The Newest Spark in the Jewish Community


On February 2nd of 2011, the Mizel Museum opened its first permanent exhibit to the public.

On February 2nd of 2011, the Mizel Museum opened its first permanent exhibit to the public. The new exhibit called ' 4,000 Year Road Trip: Gathering Sparks' is about the journey of the Jewish culture through time. Located at 400 S. Kearney Street, the museum is a small building, but the space is well used. No corner was overlooked in the creation of this 4,000 year road trip.


During the opening weekend celebrations, I attended a Havdalah Celebration at the Mizel Museum. I took a tour of the new exhibit, smelled spices which represent the "sweetness of the day", and listened to music performed by Hal Aqua and The Lost Tribe. A woman from Uzbekistan, Bluma, spoke about how when she a young girl, her family practiced Judaism even though they weren't supposed to. One of the first exhibits was of suitcases depicting items that Jewish immigrants would have brought with them, which showed what the family valued most.


The next exhibits covered other biblical stories, such as Noah's Ark. The following rooms showed all the different Jewish holidays. There was Shabbat , which is the most important Jewish holiday, as well as Hanukah, which was represented by a display of menorahs from all over the world. Also in that room were giant spice boxes that held artifacts.


Other segments of time depicted the exile of the Jews from Spain, Israel, and Eastern Europe. Representing the Holocaust were portraits drawn by Deborah Howard, which were of child Holocaust survivors drawn in their present form. There were no graphic pictures to represent the Holocaust, which was a nice touch because it was such a dark time, and finding a simple way to show the depth of that time is hard to do.


There is also a small library with books on the Jewish culture. Technology really plays a part in this new exhibit. It makes it more interesting for children to interact with history. A 'Spark Bike' which you can ride (it was not in use when I attended) allows you to record and digitalize your ideas and thoughts on how to make the world a better place. iPads featured in this exhibit as interactive tools to help with the understanding of Jewish history. The iPads contain videos about the Jewish Community, Continuity, and Immigration. You can even leave comments about the videos.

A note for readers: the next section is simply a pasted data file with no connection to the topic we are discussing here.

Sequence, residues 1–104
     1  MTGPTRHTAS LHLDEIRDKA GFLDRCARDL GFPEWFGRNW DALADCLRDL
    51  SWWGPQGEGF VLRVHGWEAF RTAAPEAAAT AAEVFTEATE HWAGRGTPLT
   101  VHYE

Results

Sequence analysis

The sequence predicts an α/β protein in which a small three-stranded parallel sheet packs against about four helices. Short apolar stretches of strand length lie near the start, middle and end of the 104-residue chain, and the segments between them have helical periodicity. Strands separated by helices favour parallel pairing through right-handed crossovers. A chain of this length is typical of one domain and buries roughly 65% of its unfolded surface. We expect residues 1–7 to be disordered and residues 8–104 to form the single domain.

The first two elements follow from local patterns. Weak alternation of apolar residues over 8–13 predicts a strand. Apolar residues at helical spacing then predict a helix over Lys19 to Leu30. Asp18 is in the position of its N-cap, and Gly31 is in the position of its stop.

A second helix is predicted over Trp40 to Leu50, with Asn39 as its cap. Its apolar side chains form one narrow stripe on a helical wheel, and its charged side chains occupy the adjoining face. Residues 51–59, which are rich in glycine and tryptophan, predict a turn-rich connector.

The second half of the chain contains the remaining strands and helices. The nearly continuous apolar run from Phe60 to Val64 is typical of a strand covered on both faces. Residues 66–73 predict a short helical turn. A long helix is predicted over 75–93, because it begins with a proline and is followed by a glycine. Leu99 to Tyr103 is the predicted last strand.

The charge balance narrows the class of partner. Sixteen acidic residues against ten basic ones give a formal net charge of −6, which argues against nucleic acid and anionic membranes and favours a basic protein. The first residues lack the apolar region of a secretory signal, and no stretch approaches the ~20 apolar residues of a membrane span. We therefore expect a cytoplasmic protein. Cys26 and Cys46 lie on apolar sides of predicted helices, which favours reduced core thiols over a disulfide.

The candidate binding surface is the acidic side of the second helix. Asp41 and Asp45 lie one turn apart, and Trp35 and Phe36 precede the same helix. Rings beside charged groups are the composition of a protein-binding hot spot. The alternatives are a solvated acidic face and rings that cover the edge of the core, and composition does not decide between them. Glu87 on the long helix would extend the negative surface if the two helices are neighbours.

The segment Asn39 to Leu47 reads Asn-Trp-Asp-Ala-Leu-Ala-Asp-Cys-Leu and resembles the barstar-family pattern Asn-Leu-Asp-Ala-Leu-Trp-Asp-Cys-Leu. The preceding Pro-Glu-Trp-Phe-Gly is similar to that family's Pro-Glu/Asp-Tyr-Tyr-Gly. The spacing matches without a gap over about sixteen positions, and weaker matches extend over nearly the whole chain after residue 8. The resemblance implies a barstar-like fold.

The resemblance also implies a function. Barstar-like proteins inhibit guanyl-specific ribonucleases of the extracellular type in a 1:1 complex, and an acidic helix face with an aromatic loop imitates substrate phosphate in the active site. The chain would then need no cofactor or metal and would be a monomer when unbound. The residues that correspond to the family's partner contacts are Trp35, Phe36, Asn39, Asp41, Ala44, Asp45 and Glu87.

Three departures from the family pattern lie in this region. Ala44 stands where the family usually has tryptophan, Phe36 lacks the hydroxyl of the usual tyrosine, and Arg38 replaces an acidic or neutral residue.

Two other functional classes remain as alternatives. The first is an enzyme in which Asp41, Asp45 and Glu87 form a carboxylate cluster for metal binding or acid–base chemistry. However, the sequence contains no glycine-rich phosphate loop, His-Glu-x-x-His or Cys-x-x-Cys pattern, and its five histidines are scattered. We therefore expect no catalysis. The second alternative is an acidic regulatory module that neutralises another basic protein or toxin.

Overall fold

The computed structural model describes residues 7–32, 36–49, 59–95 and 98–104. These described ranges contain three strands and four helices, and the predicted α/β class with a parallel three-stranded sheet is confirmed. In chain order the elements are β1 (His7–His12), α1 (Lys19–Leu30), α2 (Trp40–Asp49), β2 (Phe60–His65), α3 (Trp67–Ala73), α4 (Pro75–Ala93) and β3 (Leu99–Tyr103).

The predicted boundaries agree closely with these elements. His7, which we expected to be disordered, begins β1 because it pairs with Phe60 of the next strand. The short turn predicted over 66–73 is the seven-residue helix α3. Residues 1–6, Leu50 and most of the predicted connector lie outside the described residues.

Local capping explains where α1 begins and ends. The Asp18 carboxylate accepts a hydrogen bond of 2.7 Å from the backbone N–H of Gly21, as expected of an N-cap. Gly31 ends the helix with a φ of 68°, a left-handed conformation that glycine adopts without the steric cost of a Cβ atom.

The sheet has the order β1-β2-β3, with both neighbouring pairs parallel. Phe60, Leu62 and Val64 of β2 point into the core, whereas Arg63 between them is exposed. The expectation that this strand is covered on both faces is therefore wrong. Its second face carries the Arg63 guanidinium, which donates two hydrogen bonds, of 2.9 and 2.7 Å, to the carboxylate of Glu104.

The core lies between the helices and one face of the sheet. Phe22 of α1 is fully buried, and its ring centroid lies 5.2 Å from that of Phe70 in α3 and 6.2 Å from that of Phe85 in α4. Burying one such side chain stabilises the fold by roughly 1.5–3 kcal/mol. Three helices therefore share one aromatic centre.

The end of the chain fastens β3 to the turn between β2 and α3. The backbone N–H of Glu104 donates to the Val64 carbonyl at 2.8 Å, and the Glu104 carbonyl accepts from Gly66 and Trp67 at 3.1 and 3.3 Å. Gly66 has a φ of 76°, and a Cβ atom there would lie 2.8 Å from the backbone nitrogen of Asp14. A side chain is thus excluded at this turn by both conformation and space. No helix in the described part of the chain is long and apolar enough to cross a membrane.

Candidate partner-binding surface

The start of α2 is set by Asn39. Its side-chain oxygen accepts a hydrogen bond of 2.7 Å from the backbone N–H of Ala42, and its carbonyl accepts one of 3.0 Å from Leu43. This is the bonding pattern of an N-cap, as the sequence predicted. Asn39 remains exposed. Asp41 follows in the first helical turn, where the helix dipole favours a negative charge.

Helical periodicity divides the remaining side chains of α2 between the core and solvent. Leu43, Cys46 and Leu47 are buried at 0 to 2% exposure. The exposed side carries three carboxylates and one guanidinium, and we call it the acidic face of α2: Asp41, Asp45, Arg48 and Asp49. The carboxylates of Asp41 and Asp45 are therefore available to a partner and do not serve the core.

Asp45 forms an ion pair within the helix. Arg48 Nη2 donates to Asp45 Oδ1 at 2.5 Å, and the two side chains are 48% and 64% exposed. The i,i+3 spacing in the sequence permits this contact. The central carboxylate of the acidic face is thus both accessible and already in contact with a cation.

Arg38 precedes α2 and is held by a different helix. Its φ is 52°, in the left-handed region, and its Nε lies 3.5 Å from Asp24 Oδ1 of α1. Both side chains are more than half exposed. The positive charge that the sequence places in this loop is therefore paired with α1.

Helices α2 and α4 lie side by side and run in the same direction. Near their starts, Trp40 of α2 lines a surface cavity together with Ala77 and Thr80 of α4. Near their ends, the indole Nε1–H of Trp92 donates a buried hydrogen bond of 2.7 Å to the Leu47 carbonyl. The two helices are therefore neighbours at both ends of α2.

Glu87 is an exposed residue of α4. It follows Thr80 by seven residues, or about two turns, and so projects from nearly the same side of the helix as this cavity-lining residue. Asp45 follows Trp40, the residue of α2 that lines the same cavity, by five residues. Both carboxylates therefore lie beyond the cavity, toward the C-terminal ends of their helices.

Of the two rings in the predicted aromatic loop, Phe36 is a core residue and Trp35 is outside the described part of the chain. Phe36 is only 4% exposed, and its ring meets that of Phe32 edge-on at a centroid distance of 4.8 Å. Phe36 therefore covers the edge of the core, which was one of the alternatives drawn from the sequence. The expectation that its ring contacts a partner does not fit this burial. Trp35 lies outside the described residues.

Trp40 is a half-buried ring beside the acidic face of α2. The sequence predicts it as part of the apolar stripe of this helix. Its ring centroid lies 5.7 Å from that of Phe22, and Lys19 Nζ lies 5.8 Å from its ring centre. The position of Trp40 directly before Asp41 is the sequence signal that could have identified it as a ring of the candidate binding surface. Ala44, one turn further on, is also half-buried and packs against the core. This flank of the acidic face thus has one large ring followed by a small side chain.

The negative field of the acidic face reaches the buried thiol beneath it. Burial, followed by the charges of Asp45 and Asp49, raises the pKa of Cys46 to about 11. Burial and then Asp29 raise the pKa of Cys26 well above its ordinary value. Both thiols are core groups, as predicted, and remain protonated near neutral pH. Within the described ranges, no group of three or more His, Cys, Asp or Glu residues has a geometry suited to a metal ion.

The director of education at the Mizel Museum, Jan Nadav, is hoping to have kids make digital art in the future. Denver artist, Scott Lyon, did a lot of work on this exhibit. He found a way to repurpose objects the museum already had. Many of the displays are in shadow boxes because Mr. Lyon does shadow box art. Mr. Lyon is not Jewish, so I had the opportunity to ask him "How did working with Jewish art change your perspective as an artist?" He said he was commissioned to make art about something he didn't know about and that it was a "new thing" for him. Mr. Lyon said he had to spend a lot of time learning about his art and he would have to go read books about Jewish traditions before creating the piece.


It is interactive and a cool museum for kids. This museum is not really a museum. It is more of an artistic history exhibit. Not everything is behind glass, there are some digitally interactive parts (the iPads and 'Spark Bike'), and there isn't too much reading. This museum is not just for those of the Jewish faith. Anyone can come and enjoy this museum. Their hope is to create a community of cultural understanding. They will have summer camps for ages 3 to 6th graders, with lots of guest artists. For example, in the up coming summer camps, Lost and Found Creation Station will have children finding objects at home that tell a story about them and their families. Go to for more information about the museum, the exhibit, and camps.